Historical story

Frontal superstitions of pilots

Even the bravest pilots could not imagine a flight without a mascot for good luck. So the co-authors of the soaring victories were dolls, cats and devils.

Captain Camillo Perini made combat flights in Hannover CLII in 1919, taking off with the observer Lieutenant Karol Friser from the Lewandówka or Berezowica airfield. Janusz Meissner wrote colorfully about him: "he speaks German, swears in Italian and knows only a few Polish words that are so twisted that it is difficult to understand them" . Captain Perini was very superstitious - he avoided taking pictures before the flight, avoided cats, banned priests and nuns from entering the airport.

(...) on the mask of his Albatross he ordered to attach a mascot - a tin, red enameled figure of a satyr playing the pipe. Returning from a completed task, he puts a bracelet made of beads strung on an elephant's hair around her neck - as a reward for a successful flight.

One day the satyr disappeared and the screams of the despairing captain did not help:"Porca Madonna, who is my devil?" The mascot was searched unsuccessfully, and the time of the start was approaching. Then Lieutenant Friser suggested to the commander that he should offer twenty crowns for finding her. Perini raised the price on the "clean". It turned out that when the mechanics helped him put on the suit, the devil had somehow fallen out of his pocket. Happy Camillo paid the prize and calm for his devil took off ...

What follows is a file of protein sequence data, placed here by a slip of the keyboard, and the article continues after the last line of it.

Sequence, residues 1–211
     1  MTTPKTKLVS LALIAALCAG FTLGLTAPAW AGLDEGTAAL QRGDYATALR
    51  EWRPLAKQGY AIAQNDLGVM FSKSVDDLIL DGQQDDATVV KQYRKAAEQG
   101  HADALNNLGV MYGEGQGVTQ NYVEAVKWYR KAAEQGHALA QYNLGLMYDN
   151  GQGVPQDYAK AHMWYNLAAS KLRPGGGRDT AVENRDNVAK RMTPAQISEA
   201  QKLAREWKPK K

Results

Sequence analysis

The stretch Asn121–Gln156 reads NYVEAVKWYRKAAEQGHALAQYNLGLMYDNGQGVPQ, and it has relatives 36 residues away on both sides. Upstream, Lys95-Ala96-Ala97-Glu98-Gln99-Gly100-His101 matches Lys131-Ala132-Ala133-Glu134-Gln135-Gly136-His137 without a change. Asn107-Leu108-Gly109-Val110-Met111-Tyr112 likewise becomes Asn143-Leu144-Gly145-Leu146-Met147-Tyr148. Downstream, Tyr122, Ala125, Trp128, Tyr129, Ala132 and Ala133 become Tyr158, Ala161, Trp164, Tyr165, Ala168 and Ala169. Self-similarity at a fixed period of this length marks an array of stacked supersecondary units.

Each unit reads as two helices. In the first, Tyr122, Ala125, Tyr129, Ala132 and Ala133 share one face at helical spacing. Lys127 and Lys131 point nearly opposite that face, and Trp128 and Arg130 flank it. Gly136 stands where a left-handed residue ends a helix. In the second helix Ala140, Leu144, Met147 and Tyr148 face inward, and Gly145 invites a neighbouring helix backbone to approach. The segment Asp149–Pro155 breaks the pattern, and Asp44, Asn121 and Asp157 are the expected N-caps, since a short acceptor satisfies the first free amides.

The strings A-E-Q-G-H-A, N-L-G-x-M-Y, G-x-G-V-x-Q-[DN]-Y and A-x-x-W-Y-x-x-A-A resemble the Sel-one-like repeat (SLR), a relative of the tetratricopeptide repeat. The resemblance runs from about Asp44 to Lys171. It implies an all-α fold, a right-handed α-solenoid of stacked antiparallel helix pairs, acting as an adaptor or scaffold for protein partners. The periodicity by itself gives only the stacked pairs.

Devil on the rifle

A little earlier, because during World War I, mascots were also in fashion. William George Barker, the best Canadian pilot, one of the most famous airmen on the Sopwith Camel fighter, also had his tin devil, cut from sheet metal and painted red. The devil had his direct part in shooting down more than one of the fifty assigned Barker Germans because… it was attached to one of the machine guns.

William George Barker, the best Canadian pilot, had his tin devil

René Pierre Marie Dorme, a French ace with 23 kills, took a doll in Alsatian costume to the fight, and Ulrich Neckel - commander of the 6th Fighter Squadron (30 kills) - smiled at the bear attached to the rearview mirror above the wing. "Polish" - because there are different opinions on this subject - ace in this group, Godwin Karol Marian Brumowski from Wadowice, the best ace of the imperial and royal aviation (35 shots down) also had a mascot - a luckily horseshoe, attached to the post on the left wing.

A cat always falls to its feet

The reviving Polish aviation also had a legendary pilot, whose masterful skills in aerial acrobatics went hand in hand with superstition and faith in mascots that bring luck. Adam Haber-Włyński, because we are talking about him, initially flew with a cat taken to the cabin. The animal was also on board on May 8, 1914, when Haber crashed the plane - but both of them survived.